Multi-billion-dollar boost to Saudi-Korean ties

Aramco advances global chemicals strategy with S-Oil expansion project

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Crown Prince Muhammad Bin Salman, Deputy Prime Minister and Minister of Defense, and Korean President Moon Jae-in inaugurate S-Oil's new Residue Upgrading Complex and Olefin Downstream Comple­x during a ceremony near Seoul on Wednesday. — SPA

Saudi Gazette report

Seoul —
Saudi Arabia and South Korea signed multi-billion-dollar economic cooperation pacts Wednesday during the first visit to Seoul by Crown Prince Muhammad Bin Salman, deputy premier and minister of defense.

Saudi Arabia is Seoul's biggest oil supplier and most of the agreement is accounted for by a deal between Saudi Aramco and Korean firm S-Oil to build refinery and downstream facilities in South Korea.

The inauguration also included the signing of a Memorandum of Understanding between the Saudi Aramco and S-Oil to collaborate on a $6 billion Steam Cracker & Olefin Downstream Project which is expected to be completed by 2024.

Saudi Arabia is South Korea's “biggest construction market overseas, the largest investor in the country among countries in the Middle East and also the biggest trading partner in the region,” President Moon Jae-in said at a meeting with Crown Prince Muhammad.

The economic pact also involved several other deals between Saudi Aramco and Korean firms, including Korea National Oil Corporation, Hyundai Heavy Industries and carmaker Hyundai Motor.

The Crown Prince also met the heads of the country's biggest conglomerates, including Samsung heir Lee Jae-yong and Chairman of SK Group.

Saudi Aramco and its affiliates also signed 12 agreements with major South Korean companies to reinforce relationships with South Korea, expand international operations, and support the region's energy security with the expansion of Arabian crude oil supply to Asian markets.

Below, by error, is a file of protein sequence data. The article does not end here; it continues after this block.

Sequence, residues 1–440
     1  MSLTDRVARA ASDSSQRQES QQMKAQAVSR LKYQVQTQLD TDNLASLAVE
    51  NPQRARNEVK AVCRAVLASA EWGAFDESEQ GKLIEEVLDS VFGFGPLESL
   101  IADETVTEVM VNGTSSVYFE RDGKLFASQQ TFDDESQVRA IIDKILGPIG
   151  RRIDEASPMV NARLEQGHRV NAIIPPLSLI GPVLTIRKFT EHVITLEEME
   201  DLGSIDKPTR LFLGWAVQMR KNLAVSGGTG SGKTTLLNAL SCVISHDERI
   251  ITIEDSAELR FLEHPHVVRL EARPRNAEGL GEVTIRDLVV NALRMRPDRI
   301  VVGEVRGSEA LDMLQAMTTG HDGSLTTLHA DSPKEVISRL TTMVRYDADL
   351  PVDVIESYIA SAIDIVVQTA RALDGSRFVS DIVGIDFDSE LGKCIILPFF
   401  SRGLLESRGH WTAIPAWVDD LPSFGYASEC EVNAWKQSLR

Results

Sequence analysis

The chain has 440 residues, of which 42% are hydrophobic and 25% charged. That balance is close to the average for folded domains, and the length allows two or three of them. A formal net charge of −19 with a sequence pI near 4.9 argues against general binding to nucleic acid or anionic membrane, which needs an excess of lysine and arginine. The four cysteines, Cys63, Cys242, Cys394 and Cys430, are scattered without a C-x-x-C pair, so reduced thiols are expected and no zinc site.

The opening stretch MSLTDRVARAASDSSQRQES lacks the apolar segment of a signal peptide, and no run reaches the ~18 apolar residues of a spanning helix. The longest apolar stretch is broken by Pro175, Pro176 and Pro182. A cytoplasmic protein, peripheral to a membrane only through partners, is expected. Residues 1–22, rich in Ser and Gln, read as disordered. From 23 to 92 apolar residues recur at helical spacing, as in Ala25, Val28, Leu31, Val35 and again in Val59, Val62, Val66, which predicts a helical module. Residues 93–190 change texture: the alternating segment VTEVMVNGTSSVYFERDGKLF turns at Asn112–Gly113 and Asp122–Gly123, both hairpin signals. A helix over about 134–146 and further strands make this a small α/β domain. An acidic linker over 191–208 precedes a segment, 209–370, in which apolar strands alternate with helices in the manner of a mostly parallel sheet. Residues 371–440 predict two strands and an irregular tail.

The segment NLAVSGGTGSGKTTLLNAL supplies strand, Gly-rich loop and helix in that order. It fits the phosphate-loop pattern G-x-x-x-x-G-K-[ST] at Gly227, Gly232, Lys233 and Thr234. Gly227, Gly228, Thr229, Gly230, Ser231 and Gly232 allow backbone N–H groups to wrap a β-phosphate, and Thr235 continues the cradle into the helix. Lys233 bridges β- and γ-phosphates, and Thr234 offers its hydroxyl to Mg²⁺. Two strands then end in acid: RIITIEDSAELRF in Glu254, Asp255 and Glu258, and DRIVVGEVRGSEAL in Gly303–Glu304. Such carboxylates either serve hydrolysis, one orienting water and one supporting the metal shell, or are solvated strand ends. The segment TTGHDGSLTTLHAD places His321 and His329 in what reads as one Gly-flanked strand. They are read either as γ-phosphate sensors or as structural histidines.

The Saudi Arabian General Investment Authority (SAGIA) announced the signing of 15 memoranda of understanding (MOUs) and agreements with South Korean investors.

Two new licenses were also awarded to South Korean businesses, permitting them to establish operations in the Kingdom.

These deals highlight the value and diversity of opportunities being created by Saudi Arabia’s Vision 2030 plan, as well as the growing interest from public and private sector entities from across the globe to invest in the Kingdom.

Ibrahim Al-Omar, Governor of SAGIA, said: “Businesses from Saudi Arabia and South Korea have a strong track record of working together, and there are significant opportunities for further growth. The relationship between our two countries is a winning proposition for both sides. Saudi Arabia benefits from South Korean businesses’ expertise and investment, while South Korean companies are able to tap into a dynamic G20 economy with strong market fundamentals across a number of strategic sectors. These partnerships are essential for unlocking innovation and opportunities, while transferring valuable skills and creating jobs for young Saudi men and women. We look forward to welcoming these companies to the Kingdom and we hope many more will follow.”


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